It was something that was once found only at the upper levels of sports facility construction, but now, the concept of a connected arena is filtering down to the college, high school and even rec levels. And it may just be something builders are starting to be asked about from the ground-up when projects are designed.
At the upper end, cities are competing to keep fans in stadiums (rather than watching from home or a local sports bar), so the pressure is on arenas and franchises to present the next generation of “fan experience.” In other words, mobile fan engagement is big business, and mobile apps, social media, location-based services and promotions are converging to form an entirely new subset of the growing business of sports in the United States.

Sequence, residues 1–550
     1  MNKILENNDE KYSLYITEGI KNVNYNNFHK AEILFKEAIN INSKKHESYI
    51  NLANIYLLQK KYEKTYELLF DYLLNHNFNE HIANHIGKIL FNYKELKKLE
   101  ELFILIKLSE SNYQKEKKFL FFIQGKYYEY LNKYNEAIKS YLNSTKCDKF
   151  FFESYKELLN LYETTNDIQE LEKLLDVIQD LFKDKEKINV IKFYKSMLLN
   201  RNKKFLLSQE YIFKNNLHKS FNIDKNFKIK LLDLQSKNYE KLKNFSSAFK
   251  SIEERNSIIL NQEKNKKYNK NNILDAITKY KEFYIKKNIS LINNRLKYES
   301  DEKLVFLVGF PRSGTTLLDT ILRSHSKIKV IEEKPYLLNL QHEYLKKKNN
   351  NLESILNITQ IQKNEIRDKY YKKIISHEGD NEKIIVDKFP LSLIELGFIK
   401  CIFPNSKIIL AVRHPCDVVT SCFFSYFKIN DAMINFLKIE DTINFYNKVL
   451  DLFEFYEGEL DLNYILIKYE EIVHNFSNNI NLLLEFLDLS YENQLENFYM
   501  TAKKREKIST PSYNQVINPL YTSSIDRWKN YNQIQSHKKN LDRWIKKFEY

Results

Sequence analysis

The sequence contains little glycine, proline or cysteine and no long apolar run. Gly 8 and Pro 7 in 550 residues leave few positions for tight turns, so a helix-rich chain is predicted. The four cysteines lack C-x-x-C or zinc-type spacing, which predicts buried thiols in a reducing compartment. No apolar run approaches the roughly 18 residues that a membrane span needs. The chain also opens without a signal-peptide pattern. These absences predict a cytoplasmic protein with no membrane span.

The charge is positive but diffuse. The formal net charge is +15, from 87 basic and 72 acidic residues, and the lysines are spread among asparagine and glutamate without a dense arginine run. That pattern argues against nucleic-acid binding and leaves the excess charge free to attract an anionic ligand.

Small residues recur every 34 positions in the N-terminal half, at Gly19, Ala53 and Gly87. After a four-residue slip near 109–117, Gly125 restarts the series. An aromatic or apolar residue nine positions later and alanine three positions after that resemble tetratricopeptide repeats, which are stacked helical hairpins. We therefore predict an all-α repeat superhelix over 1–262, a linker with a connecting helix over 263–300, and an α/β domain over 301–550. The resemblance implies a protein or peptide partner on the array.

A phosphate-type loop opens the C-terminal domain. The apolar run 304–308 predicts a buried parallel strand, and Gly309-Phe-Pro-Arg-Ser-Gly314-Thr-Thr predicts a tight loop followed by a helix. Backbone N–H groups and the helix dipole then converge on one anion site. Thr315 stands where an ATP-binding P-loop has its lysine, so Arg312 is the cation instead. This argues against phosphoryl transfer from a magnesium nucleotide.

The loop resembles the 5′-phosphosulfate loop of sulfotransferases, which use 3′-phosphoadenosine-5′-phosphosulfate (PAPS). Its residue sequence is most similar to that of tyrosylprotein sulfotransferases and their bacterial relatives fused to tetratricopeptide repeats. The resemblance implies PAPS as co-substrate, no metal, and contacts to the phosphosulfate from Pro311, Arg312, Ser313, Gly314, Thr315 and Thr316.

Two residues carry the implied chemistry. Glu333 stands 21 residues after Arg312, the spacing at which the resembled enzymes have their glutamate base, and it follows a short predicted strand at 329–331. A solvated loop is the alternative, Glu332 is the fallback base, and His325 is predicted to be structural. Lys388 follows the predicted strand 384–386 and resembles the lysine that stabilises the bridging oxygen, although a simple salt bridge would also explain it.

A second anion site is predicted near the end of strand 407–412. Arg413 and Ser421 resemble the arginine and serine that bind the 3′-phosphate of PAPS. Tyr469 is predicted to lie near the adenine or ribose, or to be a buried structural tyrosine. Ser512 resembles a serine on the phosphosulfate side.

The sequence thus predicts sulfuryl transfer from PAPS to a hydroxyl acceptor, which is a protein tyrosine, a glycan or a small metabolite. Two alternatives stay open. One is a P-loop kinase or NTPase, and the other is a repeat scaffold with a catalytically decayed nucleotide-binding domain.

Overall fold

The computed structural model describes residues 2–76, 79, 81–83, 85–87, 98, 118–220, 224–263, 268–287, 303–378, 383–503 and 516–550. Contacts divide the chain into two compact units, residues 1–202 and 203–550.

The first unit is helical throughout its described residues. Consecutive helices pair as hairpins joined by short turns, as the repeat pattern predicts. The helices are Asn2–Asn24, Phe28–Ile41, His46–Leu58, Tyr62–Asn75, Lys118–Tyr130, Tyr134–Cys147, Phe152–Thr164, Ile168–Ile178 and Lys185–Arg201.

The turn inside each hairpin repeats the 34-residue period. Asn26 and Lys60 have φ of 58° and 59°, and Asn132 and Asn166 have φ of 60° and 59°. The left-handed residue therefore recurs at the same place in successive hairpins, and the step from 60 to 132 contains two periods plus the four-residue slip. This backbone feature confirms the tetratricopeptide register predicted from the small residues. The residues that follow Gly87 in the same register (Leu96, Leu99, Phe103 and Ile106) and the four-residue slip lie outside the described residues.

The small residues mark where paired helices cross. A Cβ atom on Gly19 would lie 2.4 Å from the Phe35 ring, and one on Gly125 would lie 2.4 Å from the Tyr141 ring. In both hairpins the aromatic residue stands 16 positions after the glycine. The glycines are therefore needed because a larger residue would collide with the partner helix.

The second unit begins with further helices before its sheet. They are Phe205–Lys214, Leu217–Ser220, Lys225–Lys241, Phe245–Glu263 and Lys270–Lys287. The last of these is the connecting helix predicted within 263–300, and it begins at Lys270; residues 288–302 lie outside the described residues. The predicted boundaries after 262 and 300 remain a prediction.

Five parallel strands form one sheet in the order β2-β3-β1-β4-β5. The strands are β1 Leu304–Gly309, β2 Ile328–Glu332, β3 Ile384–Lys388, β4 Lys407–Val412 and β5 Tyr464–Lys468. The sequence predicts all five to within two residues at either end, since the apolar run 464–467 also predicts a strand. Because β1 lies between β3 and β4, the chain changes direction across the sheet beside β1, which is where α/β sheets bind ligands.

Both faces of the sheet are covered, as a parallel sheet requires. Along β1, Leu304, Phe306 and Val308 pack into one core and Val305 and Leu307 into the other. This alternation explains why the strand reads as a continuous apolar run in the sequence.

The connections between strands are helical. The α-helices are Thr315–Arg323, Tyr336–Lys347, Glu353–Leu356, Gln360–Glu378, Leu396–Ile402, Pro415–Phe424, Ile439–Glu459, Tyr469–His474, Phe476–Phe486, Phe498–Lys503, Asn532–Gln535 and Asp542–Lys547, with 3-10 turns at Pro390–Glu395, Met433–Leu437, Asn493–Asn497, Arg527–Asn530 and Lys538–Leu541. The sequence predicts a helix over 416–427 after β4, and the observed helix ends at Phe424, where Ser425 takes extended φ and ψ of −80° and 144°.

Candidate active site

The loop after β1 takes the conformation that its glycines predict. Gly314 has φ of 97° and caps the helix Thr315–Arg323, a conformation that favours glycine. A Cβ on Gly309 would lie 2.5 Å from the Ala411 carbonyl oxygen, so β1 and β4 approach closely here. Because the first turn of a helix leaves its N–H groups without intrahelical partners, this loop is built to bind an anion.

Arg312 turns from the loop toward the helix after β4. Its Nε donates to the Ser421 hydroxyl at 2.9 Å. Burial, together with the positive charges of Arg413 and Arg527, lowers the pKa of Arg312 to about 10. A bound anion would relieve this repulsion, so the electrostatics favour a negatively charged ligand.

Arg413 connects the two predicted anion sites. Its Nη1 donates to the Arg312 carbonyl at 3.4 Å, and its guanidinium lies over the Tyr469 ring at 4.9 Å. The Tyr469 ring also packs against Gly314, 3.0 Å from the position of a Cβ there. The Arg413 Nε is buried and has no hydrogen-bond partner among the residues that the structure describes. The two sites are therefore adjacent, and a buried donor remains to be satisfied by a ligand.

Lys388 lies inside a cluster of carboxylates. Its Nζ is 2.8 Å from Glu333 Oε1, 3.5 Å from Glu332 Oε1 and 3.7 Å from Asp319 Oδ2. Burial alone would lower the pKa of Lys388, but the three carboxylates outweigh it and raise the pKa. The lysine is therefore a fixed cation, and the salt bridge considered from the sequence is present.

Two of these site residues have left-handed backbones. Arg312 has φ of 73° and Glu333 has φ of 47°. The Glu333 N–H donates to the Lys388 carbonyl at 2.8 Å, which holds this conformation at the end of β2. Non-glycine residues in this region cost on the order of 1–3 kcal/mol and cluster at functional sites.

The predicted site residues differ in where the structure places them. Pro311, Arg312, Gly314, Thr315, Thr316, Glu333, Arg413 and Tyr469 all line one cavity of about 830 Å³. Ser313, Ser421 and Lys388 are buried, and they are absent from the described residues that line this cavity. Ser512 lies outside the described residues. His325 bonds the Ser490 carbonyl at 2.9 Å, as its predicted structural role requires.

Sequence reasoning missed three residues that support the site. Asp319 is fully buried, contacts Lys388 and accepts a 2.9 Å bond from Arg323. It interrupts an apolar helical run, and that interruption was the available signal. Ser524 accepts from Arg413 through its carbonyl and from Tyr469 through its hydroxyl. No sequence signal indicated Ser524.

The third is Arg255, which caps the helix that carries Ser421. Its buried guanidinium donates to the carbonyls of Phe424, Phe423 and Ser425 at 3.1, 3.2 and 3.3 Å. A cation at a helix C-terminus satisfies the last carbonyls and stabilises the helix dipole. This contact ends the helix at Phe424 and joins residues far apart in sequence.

This phenomenon is leading to rise in ‘smart arenas’ that are being built to accommodate a large number of wi-fi users. For example, when the new Sacramento Kings arena opens next year, it will feature mobile apps that can be used for check-in, to virtually usher fans to their seats, to view and purchase seat upgrade options and even offer information about the shortest bathroom and concession lines. The arena will also offer in-seat wireless charging. NASCAR is planning to go a step further, and offer fans on-board telemetry from the cars streamed directly to fans’ phones. Going forward, fans will see more efforts to blend team or athlete information with sponsored content on their smartphones.
Going forward, professional sports arenas are likely to compete to outdo one another, looking for new applications that will increase fan engagement, maximize sponsorship opportunities and boost revenue. Expect facility designers to start being asked about connectivity on the drawing board, rather than after the fact.